Community to hold fundraiser to benefit victims of Mullica Hill tornado

It has been one month since the remnants of Ida devastated parts of New Jersey. And while many areas of the state dealt with massive flooding, homes in one South Jersey town were destroyed by a powerful tornado.

News 12 Staff

Oct 1, 2021, 9:30 PM

Updated 930 days ago

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It has been one month since the remnants of Ida devastated parts of New Jersey. And while many areas of the state dealt with massive flooding, homes in one South Jersey town were destroyed by a powerful tornado.
“A month later, I guess the thing that is now in everybody’s mind is how lucky we all are,” says Harrison Township Mayor Lou Manzo.
Manzo says that it is a miracle that no one was killed or seriously injured when the EF-3 tornado ravaged the Mullica Hill section of town on Sept. 1.
But many homes now sit empty and are tagged for demolition. One of those homes belongs to Mike Degrande.
“The whole second floor is blown out. A few roof trusses are gone. We’ve never even found the roof trusses, they’re just gone,” he says. “My garage wall, you can’t tell from here, but if you get inside of the garage you can see it bent…and there’s a gap between it. Sheetrock got picked up and blown out from the wind throughout the house.”
Officials say that 140 properties were damaged in the storm – 36 of which will have to be torn down.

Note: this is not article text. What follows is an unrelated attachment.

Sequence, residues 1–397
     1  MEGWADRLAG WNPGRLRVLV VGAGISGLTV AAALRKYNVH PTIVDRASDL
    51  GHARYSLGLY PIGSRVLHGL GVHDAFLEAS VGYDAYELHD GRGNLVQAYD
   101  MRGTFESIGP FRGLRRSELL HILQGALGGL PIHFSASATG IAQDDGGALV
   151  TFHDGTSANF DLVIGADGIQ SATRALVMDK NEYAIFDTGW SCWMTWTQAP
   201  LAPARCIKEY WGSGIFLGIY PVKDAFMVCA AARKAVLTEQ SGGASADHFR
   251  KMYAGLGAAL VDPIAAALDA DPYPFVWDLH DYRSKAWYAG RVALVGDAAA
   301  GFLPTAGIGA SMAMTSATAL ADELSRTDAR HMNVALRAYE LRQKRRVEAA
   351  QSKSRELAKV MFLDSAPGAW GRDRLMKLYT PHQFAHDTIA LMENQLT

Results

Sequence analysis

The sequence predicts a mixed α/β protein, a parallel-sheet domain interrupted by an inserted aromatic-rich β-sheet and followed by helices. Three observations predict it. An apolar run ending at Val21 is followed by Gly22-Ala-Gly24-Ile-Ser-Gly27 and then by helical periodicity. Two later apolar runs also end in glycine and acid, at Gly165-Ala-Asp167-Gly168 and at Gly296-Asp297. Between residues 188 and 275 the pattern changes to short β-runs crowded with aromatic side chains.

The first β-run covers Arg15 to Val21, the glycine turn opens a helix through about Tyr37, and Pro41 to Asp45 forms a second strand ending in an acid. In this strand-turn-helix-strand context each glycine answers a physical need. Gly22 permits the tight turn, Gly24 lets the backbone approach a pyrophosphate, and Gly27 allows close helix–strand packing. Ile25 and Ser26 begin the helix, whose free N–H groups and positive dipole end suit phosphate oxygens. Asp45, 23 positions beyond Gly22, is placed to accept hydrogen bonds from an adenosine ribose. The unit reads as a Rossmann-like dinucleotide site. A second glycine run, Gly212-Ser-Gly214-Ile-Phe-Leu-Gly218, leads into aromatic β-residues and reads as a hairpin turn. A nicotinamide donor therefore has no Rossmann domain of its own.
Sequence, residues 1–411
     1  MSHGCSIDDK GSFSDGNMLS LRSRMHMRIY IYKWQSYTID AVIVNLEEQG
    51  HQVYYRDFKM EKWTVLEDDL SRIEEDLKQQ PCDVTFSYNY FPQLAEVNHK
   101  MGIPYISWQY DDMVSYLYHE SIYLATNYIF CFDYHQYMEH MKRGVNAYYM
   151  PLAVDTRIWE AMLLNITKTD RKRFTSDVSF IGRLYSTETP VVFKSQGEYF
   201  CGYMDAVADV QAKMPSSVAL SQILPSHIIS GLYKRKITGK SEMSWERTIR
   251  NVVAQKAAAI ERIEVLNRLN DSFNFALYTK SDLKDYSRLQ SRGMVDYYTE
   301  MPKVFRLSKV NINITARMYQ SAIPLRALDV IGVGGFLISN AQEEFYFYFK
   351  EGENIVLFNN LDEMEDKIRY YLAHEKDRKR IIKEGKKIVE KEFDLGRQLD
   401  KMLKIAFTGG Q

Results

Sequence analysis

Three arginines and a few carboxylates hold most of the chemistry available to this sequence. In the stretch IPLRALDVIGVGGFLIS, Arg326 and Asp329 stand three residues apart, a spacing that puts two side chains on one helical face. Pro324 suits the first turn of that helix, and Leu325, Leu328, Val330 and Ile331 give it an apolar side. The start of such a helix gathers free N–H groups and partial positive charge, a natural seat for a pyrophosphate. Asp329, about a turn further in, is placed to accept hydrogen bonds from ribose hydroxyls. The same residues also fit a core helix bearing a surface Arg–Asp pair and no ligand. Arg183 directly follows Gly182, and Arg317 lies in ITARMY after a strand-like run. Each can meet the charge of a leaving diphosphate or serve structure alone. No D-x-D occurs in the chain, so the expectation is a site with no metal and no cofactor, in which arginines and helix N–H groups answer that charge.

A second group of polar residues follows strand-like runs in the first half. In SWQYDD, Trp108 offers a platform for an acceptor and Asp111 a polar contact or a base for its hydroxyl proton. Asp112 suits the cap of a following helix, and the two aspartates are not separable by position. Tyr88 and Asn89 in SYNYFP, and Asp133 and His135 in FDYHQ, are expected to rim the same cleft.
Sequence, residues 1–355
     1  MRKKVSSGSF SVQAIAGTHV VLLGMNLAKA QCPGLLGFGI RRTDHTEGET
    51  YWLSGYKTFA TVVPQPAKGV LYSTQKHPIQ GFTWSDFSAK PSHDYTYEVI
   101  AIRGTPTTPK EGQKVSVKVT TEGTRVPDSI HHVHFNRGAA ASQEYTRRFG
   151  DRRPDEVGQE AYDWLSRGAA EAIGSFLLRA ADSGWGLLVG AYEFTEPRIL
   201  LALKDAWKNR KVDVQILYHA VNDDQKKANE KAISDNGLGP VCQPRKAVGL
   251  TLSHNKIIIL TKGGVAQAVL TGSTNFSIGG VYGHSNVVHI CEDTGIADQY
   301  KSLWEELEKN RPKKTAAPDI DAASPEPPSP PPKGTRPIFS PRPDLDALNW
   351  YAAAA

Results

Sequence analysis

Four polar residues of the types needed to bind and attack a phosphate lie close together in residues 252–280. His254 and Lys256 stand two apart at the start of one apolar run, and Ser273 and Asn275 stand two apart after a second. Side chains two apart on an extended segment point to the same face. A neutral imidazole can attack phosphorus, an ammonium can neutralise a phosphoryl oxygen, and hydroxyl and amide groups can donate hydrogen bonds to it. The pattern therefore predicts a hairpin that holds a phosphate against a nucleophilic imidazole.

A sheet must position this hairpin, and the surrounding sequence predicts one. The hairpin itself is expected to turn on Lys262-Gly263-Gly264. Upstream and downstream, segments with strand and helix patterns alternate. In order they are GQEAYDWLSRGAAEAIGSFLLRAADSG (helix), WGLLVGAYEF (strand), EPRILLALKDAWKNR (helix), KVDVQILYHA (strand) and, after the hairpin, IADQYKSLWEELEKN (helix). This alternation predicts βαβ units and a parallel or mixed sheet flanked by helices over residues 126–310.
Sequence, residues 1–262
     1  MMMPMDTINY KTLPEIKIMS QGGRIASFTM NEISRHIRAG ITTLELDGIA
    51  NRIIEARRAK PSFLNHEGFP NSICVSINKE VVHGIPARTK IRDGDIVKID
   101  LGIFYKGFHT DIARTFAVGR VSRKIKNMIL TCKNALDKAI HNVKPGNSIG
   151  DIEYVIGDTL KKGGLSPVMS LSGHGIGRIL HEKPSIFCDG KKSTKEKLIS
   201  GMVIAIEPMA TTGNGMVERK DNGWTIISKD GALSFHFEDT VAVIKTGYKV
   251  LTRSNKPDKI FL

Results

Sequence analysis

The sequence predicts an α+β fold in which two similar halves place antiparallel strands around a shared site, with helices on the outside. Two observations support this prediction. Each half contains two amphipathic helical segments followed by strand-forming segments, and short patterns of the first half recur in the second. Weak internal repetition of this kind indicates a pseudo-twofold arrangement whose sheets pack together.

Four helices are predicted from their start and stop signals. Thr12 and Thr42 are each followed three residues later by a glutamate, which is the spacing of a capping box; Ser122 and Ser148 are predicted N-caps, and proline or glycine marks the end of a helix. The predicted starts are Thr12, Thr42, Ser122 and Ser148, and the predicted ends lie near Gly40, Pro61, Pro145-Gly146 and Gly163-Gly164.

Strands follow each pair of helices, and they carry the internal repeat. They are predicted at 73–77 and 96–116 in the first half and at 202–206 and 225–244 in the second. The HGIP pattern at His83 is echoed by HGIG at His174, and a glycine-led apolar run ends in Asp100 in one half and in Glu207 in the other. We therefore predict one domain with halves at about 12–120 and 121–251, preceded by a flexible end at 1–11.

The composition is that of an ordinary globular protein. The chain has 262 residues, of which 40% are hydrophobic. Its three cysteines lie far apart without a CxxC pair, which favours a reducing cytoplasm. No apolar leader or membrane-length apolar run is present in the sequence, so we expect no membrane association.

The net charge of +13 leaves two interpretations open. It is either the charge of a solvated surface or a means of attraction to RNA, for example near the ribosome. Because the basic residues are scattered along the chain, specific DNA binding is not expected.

Residents say that while dealing with insurance companies has been a slow process, the community stepped in right away.
“I showed up two or three days after the storm and there was a Boy Scout troop cleaning out my yard. Like literally my yard was covered in debris and contents from all sorts of neighbors and people in town and folks I didn’t know were handing me gift cards,” Degrande says.
One month later, that community support hasn’t wavered. The owner of Naples at the Warehouse and other local businesses are planning a fundraiser in two weeks to benefit those who lost their homes.
“We’re going to have live bands, we’re going to have a stage, a little dance area, get-together area. We will have tables, tents, food, alcohol. Beer is going to be included. It’s $100 a ticket, people can come in and just enjoy it,” says Anthony Romeo.
He says that it is the least that he can do for the town that he calls home.
“It’s just something so small that we can do. That we can give back to what Harrison has done to us,” Romeo says. “It’s just a little payback.”
The fundraiser will be held on Oct. 17. Tickets can be purchased online.


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